Future in the hands of young pannists
By Raffique Shah
February 22, 2009
By the time people are sober or sane enough to read this column, this year's Carnival celebrations will have been just about over, or close to it. A Carnival Sunday column is one of the toughest the average columnist must write as he stares at a blank computer screen. As a Trini-to-the-bone who follows the festival closely, scintillating notes from Wednesday night's Panorama finals (small and medium bands) still echo in my mind, much the way last night's (Thursday) calypso-categories-finals' lyrics and melodies do.
Only the daring or the reckless writer would venture into seemingly irrational judges' minds to predict which big steelband would take the major Panorama title. And given the lyrics and melodies of most finalists in the Calypso Monarch competition, again, it would be sheer folly to forecast how the "horses will run" at tonight's Dimanche Gras competitions. I must confess, though, I was pleasantly surprised by the quality calypsoes that I heard, in most instances for the first time, at last Saturday's semi-finals. That proved the point that among the 30-odd radio stations we have in this country, calypso and pan-fans can expect little air-play for some of the better tunes, while the one-season-wonders dominate the airwaves.
Among calypsonians who sang at the "semis", I was impressed with Tigress' "Wajang", Gypsy's "Supply and Demand", Bally's "Amigo" and Brian London's "A Nation's Son". Now, here I go again, like the proverbial fool, daring to enter where angels fear to tread. Still, I cannot help but comment on what I thought were cleverly-crafted lyrics blended with good melodies and delivered with stage performances that ranked among the best I've seen or heard.
Through the years, though, I have learned to never dismiss singers like Sandra, Chalkdust and Cro Cro, if only because these three have the talent to take their performances to surprising heights on competition night.
How many times had "Chalkie" been written off before the show, only to add new lyrics, change the song's tempo and emerge with a winning formula on Dimanche Gras night? Too many to remember, I tell you. The "Midget" makes up for what he lacks in melody with powerful stage performances. And Sandra, but for her songs over the past few years seemingly stuck in the dirge-mode, is a class act.
On the political side of the art form, I trust Prime Minister Manning has noted that all the songs-and there were many-that were critical of his governance style, won lusty applause from audiences that are usually heavily PNM. All Rounder's calypso on the firing of Keith Rowley, which he sang at Wednesday night's political commentary category, is a gem. To add to the PM's woes, Tigress' "Wajang" all but savaged his Panday-like treatment of a PNM son who has served the party well. And Bally's "Amigo" signalled that there is rising discontent in the ranks of the ruling party, worst of all from its ever-faithful bards and core-Skinner-Park supporters. Even Gypsy, who unfairly endured hell because of his political allegiance, was welcomed like the prodigal son at the "semis".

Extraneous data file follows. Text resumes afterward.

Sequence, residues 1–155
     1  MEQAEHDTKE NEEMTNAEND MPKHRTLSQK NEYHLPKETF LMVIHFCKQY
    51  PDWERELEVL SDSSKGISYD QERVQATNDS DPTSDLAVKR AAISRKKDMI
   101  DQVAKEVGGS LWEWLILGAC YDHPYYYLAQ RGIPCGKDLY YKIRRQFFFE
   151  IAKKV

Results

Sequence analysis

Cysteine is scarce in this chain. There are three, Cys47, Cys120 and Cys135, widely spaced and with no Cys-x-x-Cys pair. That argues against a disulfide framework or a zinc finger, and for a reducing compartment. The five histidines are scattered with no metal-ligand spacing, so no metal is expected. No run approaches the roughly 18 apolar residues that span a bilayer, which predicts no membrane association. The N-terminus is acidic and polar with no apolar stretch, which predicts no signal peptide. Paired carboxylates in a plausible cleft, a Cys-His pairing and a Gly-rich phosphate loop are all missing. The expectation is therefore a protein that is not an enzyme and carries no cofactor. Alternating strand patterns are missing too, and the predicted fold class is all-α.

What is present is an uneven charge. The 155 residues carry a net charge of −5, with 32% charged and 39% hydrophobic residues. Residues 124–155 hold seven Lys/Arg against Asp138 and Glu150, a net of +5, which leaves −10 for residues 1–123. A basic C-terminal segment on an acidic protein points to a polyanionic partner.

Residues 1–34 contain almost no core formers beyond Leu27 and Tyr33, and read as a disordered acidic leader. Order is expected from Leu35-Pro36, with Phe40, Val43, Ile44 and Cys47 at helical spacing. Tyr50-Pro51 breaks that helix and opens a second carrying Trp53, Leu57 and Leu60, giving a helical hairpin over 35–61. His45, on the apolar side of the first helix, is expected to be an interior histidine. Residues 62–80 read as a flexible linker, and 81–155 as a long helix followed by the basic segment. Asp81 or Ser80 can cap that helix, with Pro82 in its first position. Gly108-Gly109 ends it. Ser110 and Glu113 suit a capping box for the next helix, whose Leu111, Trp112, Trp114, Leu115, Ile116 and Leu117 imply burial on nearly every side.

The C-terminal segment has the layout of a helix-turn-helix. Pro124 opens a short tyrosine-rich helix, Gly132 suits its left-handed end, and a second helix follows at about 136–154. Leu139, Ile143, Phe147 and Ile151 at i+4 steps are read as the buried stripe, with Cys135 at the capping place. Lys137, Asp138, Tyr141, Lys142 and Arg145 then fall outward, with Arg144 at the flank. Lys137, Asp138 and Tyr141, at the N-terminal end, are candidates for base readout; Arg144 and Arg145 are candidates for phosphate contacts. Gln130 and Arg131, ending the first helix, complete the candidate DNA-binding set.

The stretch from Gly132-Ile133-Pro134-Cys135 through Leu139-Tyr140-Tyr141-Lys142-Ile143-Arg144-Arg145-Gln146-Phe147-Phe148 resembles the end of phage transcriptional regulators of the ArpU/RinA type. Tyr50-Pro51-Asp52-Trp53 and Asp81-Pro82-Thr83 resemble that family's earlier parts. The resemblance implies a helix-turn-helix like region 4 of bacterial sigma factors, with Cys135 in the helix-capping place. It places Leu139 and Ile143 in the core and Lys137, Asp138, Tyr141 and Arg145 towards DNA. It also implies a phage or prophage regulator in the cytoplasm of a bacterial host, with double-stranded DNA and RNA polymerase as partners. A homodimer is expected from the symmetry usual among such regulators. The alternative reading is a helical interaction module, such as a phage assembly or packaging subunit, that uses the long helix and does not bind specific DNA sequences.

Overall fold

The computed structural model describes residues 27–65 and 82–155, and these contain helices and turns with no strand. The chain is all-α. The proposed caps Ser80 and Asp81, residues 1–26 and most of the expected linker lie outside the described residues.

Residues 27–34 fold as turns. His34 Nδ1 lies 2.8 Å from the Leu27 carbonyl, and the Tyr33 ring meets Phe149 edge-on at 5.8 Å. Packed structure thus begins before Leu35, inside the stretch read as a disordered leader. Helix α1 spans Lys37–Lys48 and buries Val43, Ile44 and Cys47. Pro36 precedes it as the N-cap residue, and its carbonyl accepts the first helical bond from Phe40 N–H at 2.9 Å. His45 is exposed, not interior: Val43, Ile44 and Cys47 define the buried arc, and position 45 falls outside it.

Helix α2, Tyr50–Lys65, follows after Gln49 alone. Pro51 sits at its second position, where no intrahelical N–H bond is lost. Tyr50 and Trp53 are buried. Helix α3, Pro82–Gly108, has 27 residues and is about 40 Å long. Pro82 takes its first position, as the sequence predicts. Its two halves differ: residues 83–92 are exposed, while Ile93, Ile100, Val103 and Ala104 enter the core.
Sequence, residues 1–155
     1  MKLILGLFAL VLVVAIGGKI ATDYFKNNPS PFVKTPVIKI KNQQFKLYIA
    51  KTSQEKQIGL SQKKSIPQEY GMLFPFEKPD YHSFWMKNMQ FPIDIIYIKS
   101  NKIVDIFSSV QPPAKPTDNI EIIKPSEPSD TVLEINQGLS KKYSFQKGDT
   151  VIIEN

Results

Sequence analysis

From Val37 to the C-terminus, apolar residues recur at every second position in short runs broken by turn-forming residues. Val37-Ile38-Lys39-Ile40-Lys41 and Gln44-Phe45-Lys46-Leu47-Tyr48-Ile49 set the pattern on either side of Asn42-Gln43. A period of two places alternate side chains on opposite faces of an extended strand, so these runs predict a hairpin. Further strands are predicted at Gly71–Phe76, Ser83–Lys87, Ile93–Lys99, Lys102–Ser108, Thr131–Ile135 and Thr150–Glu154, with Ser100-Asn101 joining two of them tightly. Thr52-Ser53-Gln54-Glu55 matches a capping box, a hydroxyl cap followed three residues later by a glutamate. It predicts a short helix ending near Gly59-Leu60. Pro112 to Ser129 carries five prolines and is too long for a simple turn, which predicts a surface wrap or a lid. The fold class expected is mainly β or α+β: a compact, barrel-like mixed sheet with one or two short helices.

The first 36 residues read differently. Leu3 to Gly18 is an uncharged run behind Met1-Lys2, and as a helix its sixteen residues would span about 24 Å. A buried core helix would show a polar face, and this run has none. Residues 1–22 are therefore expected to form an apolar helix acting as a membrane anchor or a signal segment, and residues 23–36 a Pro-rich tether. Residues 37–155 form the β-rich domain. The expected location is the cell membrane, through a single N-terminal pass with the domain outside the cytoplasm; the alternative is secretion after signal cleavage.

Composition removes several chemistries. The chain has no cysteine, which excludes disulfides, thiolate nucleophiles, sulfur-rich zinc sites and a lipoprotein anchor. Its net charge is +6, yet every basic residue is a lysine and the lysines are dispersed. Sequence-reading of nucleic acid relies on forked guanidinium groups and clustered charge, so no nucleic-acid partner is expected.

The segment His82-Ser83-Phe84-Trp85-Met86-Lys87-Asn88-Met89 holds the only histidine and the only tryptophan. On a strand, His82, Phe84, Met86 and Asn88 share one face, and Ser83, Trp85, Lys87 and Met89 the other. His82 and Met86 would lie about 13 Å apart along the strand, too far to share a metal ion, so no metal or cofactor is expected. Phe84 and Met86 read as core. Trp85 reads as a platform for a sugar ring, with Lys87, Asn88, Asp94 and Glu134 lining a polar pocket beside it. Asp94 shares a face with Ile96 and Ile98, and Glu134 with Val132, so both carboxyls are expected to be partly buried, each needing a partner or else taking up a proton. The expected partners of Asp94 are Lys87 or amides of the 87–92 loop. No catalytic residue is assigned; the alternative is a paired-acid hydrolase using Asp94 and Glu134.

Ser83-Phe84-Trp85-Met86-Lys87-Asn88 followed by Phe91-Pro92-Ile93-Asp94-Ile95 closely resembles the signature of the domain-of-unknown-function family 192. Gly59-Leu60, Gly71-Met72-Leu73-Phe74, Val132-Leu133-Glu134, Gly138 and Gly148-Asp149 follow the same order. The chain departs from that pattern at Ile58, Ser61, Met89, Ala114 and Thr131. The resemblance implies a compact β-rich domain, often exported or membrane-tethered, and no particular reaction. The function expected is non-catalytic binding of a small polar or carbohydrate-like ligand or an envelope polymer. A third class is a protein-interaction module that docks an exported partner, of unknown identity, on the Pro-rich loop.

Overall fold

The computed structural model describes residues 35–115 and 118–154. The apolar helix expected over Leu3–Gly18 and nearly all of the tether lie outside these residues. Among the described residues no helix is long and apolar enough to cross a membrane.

But who knows what the judges would decide on tonight? Or what they did last night at the Panorama finals? Last week, an ex-soldier who is connected to a small band-and let me add that many ex-military personnel are providing quality leadership in pan and mas' bands-called to plead with me to write something about the judging. "Raf, these judges are hooked on big names, not on the quality of the bands' performances," he said.
Given the calibre of the judges, their experience in music, I shan't take public issue with their evaluations. But I do gripe when I experience sentiments similar to my friend's. I did not hear the performances of all bands in the small and medium categories, but for me Tobago's Buccooneers put down a spirited piece of music that was hard to beat. Yet Clico Sforzata, no doubt shaking off their future-sponsorship worries, beat them into second place. I'd listened to Arima Golden Symphony earlier, in the small bands category, and thought its performance was a winning one.
Among the big bands, who would dare wager money on any one band-even Boogsie's Phase II? True, the pan maestro has the ability to weave magic on the special night, and players who are capable of executing his composition and arrangement in a devastating manner. Still, who is brave enough to challenge the genius of Pelham Goddard and Exodus, the versatility of Robbie Greenidge and Despers, or the reputation of Leon Edwards and All Stars? And Edwin Pouchet's Silver Stars, having listened to them during the "semis", seems set to return to big-band competition with vengeance.
If there is a bright side to murderous darkness that has enveloped this country, it resides with the thousands of children who have taken over the front-lines of our steelbands. Just listening to them play the music composed and arranged by the pan-masters is sheer joy. They, not the mindless young criminals, will chart our tomorrow. The former will fall like the bum-bum flies they are. Our young pannists will scale musical heights like nothing we have seen in the past.
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